Nov 5, 2003

On emerging Organizational Structures

My post on ISTT

The last century was dominated by the thinking of organization as
machines and view of organizational processes as mechanistic process
(where the job of the employees was to "manage" only, and terms
like "Value chains" originated - organizational metaphors )

This way of looking at organization still permeates our thinking
today, but there are emerging a new type of organizational system
that do not follow these models.

The question I want to ask is, do you think these reflect a
fundamental shift to how organizations are understood and managed ,
and point to a new age...or do you think these are only exceptions
and the organizational structures that the majority of us work and
make meaning for our lives will remain unchanged ?

<< The following links and text courtesy Dr. Madhukar Shukla
Gautam >>

Visa International:

(in fact, I will also recommend that you explore the
site - it is pretty interesting - and is founded by Dee Hock, the
founder and CEO emeritus of Visa International... another article on
Dee Hock can be found at Fast Company )

Mondragon Community:
A $5bn cooperative in Basque country (Spain), with 120 different
companies, 42,000 employees, which runs its own schools, colleges,
banks, credit unions, etc. since last 50 years.
(this last link has many links on articles/ resources on Mondragon)

To the best of my knowledge, one of the first companies to adapt this
perspective was Toyota, in their production systems (we call it JIT,
Kanban, etc. nowadays - focus on its efficiency, while forgetting its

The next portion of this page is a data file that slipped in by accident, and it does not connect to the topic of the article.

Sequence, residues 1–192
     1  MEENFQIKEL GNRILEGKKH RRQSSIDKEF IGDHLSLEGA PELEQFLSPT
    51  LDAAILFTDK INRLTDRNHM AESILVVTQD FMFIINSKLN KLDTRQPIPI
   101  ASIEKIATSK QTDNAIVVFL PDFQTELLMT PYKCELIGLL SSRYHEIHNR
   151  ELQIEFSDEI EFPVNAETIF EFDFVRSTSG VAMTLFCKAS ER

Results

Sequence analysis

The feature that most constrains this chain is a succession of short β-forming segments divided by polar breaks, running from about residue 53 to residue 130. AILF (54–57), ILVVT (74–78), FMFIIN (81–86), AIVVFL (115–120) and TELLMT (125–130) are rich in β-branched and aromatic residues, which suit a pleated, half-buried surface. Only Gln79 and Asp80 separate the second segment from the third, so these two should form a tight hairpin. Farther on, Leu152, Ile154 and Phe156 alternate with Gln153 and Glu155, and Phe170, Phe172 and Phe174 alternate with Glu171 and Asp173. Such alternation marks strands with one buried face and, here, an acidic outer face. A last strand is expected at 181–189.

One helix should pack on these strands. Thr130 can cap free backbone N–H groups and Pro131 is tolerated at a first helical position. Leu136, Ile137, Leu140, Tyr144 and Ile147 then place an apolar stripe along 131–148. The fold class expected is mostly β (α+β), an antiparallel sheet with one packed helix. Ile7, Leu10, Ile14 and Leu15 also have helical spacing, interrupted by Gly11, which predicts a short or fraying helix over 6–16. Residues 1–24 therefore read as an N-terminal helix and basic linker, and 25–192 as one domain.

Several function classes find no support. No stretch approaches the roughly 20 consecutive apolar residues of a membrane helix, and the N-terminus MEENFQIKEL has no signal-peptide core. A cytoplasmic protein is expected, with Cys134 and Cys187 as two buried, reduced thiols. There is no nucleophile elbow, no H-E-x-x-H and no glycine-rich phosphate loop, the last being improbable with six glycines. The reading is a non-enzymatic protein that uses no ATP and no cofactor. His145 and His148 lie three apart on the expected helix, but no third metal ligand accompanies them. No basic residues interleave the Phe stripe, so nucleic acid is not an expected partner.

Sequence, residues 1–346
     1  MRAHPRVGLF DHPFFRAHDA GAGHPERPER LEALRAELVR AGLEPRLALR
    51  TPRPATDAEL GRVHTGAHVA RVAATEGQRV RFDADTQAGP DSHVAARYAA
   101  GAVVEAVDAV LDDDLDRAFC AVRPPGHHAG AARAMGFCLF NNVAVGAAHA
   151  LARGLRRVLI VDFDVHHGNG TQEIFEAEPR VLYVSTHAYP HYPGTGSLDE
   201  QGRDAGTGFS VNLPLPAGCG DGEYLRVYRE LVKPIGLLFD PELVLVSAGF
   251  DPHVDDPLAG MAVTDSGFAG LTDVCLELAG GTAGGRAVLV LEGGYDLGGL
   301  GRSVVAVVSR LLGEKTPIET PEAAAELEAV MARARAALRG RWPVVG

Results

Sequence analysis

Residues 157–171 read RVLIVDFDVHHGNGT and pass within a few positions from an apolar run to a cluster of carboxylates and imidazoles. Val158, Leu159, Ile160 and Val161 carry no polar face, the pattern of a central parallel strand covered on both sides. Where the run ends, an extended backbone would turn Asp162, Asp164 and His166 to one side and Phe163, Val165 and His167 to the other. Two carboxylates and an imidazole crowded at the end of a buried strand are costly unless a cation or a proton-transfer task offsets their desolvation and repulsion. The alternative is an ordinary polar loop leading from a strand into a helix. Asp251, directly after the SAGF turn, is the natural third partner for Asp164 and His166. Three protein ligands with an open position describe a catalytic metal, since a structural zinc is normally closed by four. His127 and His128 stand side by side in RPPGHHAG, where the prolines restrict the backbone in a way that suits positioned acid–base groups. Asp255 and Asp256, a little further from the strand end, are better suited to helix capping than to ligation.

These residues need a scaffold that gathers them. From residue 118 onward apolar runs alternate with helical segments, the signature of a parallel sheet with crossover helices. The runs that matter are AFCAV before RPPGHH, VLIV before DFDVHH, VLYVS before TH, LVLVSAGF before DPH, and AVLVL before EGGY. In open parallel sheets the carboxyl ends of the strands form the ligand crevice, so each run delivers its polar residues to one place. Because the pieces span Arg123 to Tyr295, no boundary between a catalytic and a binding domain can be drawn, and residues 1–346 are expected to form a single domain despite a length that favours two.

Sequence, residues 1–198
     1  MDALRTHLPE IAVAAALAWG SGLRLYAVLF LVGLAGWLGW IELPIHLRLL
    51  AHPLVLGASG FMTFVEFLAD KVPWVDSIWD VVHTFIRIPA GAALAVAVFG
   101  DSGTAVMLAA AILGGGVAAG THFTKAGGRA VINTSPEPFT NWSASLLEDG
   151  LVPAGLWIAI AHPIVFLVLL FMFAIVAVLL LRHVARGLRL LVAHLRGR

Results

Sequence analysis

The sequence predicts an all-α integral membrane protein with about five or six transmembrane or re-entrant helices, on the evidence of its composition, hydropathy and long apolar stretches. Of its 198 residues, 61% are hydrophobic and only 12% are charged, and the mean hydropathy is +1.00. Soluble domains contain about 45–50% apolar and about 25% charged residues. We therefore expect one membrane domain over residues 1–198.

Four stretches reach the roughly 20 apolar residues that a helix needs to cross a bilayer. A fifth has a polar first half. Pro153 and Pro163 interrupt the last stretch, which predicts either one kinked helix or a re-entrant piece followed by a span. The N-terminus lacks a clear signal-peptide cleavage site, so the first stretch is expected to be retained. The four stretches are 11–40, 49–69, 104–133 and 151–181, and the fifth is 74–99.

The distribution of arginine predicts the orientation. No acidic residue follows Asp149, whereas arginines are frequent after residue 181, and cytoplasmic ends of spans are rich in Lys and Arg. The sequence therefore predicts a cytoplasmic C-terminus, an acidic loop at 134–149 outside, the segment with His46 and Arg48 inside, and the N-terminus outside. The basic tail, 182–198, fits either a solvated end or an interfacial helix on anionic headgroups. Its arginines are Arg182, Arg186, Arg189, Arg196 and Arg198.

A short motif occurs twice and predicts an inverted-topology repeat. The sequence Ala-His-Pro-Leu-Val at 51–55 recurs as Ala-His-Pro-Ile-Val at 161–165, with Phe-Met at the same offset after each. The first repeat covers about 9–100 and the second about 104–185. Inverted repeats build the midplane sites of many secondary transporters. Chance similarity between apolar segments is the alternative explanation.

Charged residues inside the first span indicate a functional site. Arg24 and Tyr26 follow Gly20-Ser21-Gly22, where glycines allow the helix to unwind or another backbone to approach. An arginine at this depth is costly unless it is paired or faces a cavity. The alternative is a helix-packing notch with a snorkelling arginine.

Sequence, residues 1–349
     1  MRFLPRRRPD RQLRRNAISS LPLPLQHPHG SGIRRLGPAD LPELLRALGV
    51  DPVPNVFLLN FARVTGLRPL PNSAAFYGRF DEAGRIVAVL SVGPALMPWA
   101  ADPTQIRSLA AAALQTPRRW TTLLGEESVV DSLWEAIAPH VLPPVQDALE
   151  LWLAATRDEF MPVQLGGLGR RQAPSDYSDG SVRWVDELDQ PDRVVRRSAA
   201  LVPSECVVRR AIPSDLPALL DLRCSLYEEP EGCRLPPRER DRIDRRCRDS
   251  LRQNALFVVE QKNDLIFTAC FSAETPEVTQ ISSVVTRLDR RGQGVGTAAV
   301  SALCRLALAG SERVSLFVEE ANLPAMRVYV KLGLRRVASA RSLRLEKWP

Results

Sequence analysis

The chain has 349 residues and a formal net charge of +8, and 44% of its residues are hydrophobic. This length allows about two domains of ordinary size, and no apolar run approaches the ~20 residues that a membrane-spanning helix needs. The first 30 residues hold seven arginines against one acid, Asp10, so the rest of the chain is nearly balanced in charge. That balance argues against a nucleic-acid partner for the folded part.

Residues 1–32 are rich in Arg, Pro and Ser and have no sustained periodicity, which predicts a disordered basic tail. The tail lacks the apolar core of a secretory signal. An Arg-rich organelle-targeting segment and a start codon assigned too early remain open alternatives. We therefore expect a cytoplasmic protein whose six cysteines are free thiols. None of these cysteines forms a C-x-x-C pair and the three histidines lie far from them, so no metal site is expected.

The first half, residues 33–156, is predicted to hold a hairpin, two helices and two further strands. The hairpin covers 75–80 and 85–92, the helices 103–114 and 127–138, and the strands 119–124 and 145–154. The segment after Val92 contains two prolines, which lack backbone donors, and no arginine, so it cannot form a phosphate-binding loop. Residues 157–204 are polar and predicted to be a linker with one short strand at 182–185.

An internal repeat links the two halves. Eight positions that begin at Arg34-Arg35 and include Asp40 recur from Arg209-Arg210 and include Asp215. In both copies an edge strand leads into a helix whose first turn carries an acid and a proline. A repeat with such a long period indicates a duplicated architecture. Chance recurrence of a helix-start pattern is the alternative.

foundations). Taichi Ohno, who designed the Toyota Production System
(in a book by the same name - wrote):

"A business organisation is like a human body. The human body
contains autonomic nerves that work without regards to human wishes
and motor nerves that react to human commaand to control muscles. The
human body has an amazing structure and operation; the fine balance
and precision with which body parts are accommodated in the overall
design are even more marvellous...

At Toyota, we began to think about how to install an autonomic
nervous system in our own rapidly growing business organisation. In
our production plant, an autonomic nerve means making judgements
autonomously at the lowest level; for example, when to stop
production, what sequence to follow in making parts, or when overtime
is necessary to produce the required amount.

These decision can be made by factory workers themselves, without
having to consult the production control or engineering departments
that correspond to the brain in the human body. The plant should be a
place where such judgements can be made by workers autonomously."

Needless to say (and I might as well admit:0))... that underlying
these, there is an ideological/value dimension (viz, business is a
part of society/communnity, and not the otherway round; that wealth
can be created in more comprehensive ways other than making just
profit/dividends, etc.)... In case, you are intereted in exploring
this perspective, check out:
and then
and then
etc. etc.